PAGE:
Stimulus Deal Reached In Senate

Senators from both parties have reached a deal to advance President Barack Obama's economic recovery plan through the Senate. Montana Democrat Max Baucus said "we have a deal" after emerging from a closed-door Democratic caucus Friday night. The plan was hashed out between a handful of Republican moderates, Democratic leaders and the White House.

Read below for updates.

UPDATE - 8:44PM ET: The actual price tag on the Senate stimulus package will be north of $800 billion. The deal reached today will be passed as an amendment to the original bill and is roughly $780 billion. But the three amendments that have already passed this week will still be part of the law. One, a housing credit of $15,000 per buyer, is estimated to cost $19 billion. Another, a tax credit for folks who buy energy efficient cars, comes in at around $11 billion. A third, giving $6.5 billion more to the National Institutes of Health, would also be included in the total cost, which takes it to roughly $817 billion, close to the amount of the package passed by the House.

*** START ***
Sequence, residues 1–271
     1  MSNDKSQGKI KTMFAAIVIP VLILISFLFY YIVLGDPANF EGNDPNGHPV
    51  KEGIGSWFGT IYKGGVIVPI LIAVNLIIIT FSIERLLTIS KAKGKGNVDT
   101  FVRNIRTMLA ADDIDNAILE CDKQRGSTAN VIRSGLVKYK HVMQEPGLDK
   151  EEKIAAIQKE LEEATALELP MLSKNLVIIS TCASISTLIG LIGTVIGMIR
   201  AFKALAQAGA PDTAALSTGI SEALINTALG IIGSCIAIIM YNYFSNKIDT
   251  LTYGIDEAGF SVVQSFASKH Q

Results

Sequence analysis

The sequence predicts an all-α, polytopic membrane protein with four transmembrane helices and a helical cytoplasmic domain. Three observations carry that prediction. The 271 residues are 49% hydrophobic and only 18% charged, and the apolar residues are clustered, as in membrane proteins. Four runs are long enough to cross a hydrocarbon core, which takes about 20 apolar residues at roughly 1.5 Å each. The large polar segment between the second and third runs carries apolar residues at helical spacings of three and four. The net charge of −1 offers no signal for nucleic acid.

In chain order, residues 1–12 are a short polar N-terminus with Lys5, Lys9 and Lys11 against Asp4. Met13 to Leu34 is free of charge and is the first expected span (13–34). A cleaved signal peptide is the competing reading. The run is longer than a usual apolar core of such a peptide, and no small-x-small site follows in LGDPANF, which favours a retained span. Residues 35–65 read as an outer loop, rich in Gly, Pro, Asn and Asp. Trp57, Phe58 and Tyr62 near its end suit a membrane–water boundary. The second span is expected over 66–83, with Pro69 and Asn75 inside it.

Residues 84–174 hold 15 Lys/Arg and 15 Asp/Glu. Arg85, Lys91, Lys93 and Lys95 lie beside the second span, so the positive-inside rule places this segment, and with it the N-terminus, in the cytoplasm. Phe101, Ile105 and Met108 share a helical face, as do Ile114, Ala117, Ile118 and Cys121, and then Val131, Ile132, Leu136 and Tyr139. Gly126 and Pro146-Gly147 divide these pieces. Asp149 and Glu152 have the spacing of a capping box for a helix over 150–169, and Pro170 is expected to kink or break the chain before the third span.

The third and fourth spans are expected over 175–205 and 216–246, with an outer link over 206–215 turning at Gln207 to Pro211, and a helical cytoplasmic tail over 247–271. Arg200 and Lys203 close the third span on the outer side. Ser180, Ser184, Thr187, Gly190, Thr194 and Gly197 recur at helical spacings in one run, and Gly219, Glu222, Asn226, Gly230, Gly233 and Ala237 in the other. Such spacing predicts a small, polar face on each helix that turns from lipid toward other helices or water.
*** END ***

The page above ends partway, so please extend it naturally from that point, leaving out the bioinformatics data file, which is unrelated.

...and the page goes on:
Republicans have been arguing tonight that the higher price tag means that there is, in fact, no deal -- since the deal is for the $780 billion. Democratic senators and Sens. Arlen Specter and Susan Collins said, however, that there is a deal and that the amendments will be worked out in the negotiations between the Senate and House. The NIH piece may have the best chance of survival because it was sponsored by Specter, whose vote will be needed again to pass whatever emerges from House-Senate negotiations. The assumption among Democrats, said aides, is that those amendments will be stripped out during the conference negotiations, because the crux of the compromise deal is the $780 billion package.